Brownlee prepares for Ironman World Championship debut
By Victoria Wiley
After setting his sights on long-distance racing for the last several years, two-time Olympic gold medalist Alistair Brownlee will compete in the Ironman World Championship this Saturday. With race week well underway, we caught up with Brownlee as he prepares for his Kona debut.
While he made his name as a short-distance triathlete, the Olympian says Kona was always part of his plan:
“I think since I was eight or nine years old and did my first triathlon. My uncle was doing Ironman and I knew about his race so I’ve known about it a long time. It’s always been in the back of my mind” he said, adding that after decade of racing: “it’s great to finally be here.”
While his road to this race saw some ups: wins at his Ironman debut in Ireland and Ironman 70.3 Dun Loaghaire, not to mention short course wins at the Cagliari World Cup and ETU European Championships this year – and downs – his 2017 season finished early due to a hip injury – Brownlee is excited not only to be in Kona, but about the training process that brought him here.
“The obvious three things for me to focus on for this race, or any triathlon, is nutrition, heat and conditions. So that’s been the real kind of focus and things that I’ve tried to address through training, and I’ve enjoyed that. I’ve enjoyed the challenge after so long racing in short distance.”
Not only is it Brownlee’s first Ironman World Championship, but his first time in the area at all. When asked about first impressions of training in Kona, he said he found Kona to be as advertised: “hot and windy and rocky.”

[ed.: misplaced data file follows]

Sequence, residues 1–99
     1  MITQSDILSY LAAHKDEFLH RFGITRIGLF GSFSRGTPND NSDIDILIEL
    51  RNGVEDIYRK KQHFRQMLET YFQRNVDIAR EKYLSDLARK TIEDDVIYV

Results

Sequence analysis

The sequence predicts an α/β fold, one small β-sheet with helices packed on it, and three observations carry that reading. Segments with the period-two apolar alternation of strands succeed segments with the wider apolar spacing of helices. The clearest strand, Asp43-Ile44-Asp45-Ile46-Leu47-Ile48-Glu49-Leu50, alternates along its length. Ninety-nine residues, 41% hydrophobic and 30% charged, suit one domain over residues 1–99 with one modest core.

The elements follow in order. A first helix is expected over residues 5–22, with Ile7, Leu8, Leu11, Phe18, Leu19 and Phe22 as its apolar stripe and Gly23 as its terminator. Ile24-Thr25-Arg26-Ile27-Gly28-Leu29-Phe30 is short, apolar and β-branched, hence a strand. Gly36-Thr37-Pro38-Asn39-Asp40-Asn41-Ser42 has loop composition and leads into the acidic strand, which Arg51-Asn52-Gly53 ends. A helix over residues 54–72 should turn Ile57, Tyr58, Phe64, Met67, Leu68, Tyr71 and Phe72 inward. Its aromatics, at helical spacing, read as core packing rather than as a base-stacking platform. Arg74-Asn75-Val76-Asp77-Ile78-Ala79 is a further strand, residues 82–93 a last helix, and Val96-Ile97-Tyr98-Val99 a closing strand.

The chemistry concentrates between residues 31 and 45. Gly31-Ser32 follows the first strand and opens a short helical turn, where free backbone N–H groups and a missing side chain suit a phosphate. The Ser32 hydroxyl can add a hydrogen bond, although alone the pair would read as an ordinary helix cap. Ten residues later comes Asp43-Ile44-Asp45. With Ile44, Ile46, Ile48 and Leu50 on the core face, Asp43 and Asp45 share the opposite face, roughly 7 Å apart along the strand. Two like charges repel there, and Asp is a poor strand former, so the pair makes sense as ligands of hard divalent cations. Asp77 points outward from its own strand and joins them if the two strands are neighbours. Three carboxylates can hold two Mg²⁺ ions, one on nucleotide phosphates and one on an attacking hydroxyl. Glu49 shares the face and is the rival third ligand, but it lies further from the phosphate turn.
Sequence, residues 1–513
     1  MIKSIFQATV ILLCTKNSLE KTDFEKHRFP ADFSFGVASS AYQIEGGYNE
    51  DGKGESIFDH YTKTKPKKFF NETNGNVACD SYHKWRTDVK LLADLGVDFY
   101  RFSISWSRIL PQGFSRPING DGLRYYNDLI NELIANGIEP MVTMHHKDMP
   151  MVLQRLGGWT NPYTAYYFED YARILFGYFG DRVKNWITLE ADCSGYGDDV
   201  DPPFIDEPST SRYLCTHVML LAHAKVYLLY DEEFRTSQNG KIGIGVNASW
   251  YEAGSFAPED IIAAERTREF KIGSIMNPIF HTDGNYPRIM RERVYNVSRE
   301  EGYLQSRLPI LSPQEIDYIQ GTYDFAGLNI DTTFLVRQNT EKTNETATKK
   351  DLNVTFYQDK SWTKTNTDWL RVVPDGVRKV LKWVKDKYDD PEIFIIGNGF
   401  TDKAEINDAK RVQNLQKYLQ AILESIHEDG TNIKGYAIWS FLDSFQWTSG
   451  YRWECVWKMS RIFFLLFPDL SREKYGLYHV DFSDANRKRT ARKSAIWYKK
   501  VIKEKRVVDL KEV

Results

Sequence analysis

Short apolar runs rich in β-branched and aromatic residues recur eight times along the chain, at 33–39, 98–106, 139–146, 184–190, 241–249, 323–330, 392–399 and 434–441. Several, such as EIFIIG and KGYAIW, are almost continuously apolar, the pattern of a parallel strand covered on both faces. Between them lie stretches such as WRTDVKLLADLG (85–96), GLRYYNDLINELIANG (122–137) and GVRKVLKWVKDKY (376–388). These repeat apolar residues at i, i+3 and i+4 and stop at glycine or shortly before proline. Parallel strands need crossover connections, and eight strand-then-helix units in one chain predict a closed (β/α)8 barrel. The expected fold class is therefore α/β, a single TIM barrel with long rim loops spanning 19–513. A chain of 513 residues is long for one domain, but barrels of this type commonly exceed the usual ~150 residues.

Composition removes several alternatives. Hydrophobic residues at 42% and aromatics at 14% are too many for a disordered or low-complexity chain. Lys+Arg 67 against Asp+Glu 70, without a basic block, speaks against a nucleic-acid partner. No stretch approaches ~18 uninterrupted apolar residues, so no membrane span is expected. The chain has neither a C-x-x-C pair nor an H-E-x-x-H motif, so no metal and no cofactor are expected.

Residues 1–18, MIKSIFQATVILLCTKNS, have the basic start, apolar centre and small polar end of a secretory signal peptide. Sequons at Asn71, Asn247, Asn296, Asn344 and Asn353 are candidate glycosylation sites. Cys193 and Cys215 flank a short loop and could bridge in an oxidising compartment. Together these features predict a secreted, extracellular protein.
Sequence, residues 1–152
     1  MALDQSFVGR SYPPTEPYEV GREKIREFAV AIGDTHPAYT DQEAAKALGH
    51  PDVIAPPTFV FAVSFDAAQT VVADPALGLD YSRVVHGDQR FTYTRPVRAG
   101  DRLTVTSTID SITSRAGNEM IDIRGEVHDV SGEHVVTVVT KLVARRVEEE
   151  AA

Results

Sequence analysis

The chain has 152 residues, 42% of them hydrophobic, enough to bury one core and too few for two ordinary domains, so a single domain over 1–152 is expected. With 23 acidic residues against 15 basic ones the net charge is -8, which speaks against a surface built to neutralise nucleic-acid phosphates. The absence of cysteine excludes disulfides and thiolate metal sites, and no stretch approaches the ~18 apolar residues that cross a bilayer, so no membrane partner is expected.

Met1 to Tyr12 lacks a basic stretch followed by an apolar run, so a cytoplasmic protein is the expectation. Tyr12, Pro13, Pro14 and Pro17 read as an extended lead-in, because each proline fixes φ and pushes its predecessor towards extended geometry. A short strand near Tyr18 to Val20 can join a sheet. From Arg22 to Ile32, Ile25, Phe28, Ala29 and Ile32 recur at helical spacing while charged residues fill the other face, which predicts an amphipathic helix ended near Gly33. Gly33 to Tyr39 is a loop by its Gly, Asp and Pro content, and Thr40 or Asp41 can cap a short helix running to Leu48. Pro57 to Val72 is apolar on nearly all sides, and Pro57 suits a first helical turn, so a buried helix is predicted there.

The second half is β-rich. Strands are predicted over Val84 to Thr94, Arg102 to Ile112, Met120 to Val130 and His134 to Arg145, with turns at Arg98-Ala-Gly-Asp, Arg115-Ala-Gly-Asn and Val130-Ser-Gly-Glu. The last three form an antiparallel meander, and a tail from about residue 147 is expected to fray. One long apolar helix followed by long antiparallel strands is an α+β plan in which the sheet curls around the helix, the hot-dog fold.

“I think in terms of the course, it’s probably a bit more rolling than I thought. When you see it on TV and stuff, it’s pretty flat looking. It’s all slightly undulated, which is a good thing. That’s really the only thing that shocked me in terms of conditions and the island.” He went on to explain why he didn’t stress about the course, saying, “My mantra my whole career in triathlon has been ‘a race is just another race.’ What makes a really good athlete is someone that can race in the conditions on that day, in that hour, with those competitors.”
He also touched on the advice he’s received in the weeks leading up to the race. Mainly the importance of being patient and once again referencing his emphasis on the right nutrition and hydration in his training. As part of his training this week, Brownlee won the Ho’Ala Training Swim:
“It was just a nice way to experience what the events about, do a training session, do a swim.” He explained that it was a way for him to enjoy the event, “one of the things about being here is that it’s a bit of a balance between experiencing how big the event is, the gravitas of it and how special it is, to hopefully lift your performance and give you a special performance on race day, and that balancing act with not doing too much and trying to keep fresh and being really fresh physically and mentally for the race. I think that’s something I’ve dealt with a lot obviously with the Olympics as well.”
Brownlee referenced his Olympic experience again when asked what the pressure is like for this race, saying that he doesn’t expect to experience pressure quite like the Olympics in London, possibly ever again. For Kona this year, he’s taking it as a learning experience and enjoying the process. That being said, he’s still a competitor:
“This is a race I want to do well in at some point. I think it is important that I learn what I can, having a learning experience etc.” He continues that this doesn’t mean he isn’t giving it his all: “if it goes really well and I get off the bike in transition and I’m running along Ali’i Drive, thinking ‘actually I’m just going to jog it in from here, because this is the experience, just take it in’, that’s not going to happen is it?”
Has anything surprised him about race week so far?
“I saw dolphins while swimming. That was a good surprise.”